The Commission's proposal on the free flow of non-personal data in the European Union represents one of the most important legal aspects of the future European policy for developing the data economy and its repercussions on economic growth, scientific research, industry and services in general and public services in particular.
Transport, Energy, Infrastructure and the Information Society (TEN) - Related Opinions
The EESC considers that ENISA's new permanent mandate as proposed by the Commission will significantly contribute to enhancing the resilience of European systems. However, the accompanying provisional budget and resources allocated to ENISA will not be sufficient for the agency to fulfil its mandate.
The EESC recommends to all Member States to establish a clear and equivalent counterpart to ENISA, as most of them have not done it yet.
The EESC also feels that, ENISA should prioritise actions to support e-government, should provide regular reports on the cyber-readiness of Member States focusing on sectors identified in Annex II to the NIS Directive and monitor the performance and decision-making of national certification supervisory authorities.
The EESC supports the proposal to create a cybersecurity competence network sustained by a Cybersecurity Research and Competence Centre (CRCC).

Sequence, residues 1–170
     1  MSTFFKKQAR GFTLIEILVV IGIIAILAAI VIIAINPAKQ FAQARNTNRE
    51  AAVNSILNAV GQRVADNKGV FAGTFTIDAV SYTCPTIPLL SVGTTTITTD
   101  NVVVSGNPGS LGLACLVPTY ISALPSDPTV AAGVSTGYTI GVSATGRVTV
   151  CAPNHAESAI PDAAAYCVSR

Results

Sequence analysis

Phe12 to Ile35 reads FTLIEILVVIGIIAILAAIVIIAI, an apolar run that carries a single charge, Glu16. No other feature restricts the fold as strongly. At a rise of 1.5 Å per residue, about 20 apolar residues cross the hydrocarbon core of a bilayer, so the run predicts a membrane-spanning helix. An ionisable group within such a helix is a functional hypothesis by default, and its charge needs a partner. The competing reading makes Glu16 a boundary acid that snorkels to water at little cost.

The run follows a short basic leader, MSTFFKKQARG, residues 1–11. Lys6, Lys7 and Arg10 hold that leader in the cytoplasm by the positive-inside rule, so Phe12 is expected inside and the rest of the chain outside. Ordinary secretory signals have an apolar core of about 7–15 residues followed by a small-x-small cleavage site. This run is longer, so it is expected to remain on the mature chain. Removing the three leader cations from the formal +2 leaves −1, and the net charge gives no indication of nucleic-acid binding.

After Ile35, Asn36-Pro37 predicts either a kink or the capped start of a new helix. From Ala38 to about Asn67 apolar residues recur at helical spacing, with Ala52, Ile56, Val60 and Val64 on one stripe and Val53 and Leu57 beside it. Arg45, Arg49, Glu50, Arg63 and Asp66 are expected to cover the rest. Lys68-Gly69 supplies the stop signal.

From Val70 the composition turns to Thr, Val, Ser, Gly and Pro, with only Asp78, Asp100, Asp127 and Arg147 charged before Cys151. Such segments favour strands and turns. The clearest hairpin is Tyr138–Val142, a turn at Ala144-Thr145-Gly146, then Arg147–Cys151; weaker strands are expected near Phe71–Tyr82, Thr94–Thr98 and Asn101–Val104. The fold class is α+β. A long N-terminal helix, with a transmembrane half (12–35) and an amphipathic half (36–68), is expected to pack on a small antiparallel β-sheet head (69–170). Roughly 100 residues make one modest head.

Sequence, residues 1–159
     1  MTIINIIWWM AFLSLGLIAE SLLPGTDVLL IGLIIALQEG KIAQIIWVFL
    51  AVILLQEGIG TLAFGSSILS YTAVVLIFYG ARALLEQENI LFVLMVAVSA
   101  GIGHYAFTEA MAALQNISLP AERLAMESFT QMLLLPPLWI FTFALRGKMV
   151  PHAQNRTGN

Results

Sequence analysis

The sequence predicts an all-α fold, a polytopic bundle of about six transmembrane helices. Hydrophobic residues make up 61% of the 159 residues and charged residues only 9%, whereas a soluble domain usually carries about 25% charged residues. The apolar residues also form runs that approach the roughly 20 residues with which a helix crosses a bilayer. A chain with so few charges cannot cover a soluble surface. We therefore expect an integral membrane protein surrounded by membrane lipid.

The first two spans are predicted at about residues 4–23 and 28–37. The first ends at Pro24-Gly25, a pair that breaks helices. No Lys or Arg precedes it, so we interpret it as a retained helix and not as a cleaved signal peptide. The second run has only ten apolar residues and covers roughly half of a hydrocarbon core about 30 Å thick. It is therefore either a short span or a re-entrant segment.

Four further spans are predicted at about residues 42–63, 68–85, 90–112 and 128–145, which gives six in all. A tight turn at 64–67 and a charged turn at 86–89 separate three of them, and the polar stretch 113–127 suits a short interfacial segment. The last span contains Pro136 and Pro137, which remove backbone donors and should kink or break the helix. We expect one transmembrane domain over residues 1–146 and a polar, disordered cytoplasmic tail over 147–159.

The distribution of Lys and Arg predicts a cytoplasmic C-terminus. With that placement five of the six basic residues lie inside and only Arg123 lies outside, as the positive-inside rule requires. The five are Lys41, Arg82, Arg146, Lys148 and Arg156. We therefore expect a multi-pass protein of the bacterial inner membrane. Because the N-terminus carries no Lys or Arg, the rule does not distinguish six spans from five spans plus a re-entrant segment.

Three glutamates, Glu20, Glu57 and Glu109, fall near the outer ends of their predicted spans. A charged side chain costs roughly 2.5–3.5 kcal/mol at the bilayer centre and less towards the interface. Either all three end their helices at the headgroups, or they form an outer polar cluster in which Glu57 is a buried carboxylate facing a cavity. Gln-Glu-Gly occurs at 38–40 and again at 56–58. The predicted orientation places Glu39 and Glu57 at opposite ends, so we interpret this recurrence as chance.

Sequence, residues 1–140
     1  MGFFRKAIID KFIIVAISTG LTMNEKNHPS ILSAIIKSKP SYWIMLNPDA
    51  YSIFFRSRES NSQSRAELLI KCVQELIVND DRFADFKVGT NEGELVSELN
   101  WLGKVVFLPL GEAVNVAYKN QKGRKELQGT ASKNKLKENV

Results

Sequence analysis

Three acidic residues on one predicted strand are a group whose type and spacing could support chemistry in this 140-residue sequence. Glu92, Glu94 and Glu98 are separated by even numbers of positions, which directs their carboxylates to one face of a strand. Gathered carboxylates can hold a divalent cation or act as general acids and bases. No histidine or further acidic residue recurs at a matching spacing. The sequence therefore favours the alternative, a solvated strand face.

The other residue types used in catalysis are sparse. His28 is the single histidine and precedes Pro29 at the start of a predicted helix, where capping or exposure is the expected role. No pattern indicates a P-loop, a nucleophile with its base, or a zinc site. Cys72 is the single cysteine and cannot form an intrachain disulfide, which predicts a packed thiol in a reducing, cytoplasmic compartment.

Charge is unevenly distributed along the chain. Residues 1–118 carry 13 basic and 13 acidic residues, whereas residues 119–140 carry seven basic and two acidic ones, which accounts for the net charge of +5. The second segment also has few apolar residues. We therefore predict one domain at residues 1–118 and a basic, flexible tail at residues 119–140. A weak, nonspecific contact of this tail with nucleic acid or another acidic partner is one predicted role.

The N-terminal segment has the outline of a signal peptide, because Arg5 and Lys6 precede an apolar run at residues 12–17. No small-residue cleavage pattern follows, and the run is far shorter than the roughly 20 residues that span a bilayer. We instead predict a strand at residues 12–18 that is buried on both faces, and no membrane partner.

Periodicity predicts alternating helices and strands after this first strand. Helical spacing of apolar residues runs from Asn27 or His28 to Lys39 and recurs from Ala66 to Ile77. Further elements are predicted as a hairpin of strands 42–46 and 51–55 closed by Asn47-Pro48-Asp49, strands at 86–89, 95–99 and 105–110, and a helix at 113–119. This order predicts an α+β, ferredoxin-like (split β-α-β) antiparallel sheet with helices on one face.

The EESC recognises the important role of transport as a driver of the EU economy and supports the European Commission (EC) in its ambitions to ensure that the EU remains in a leading position in clean, competitive and connected mobility in the future.
The EESC welcomes the fact that the EC is taking the initiative to clarify the regulatory framework on road transport and to ensure better enforcement and closer cooperation between Member States.
However, the EESC is of the opinion that the proposed changes to legislation on driving times and rest periods and on the posting of drivers fail to effectively address the identified problems in road transport in several aspects, including not making the rules simpler, clearer and more enforceable.
The EESC opinion on the Commission package "Aviation: Open and Connected Europe" welcomes the European Commission's proposals as a step towards implementing the "Aviation Strategy for Europe" from December 2015. This is of key importance in light of multiple challenges faced by the stakeholders of the aviation sector, including the development of markets in multiple directions, growing pressure on people and companies, increasing competition inside and outside the EU, and new disruptive technologies and digitalisation. The package "Aviation: Open and Connected Europe" – with its one legislative and three non-legislative proposals – addresses some of these challenges.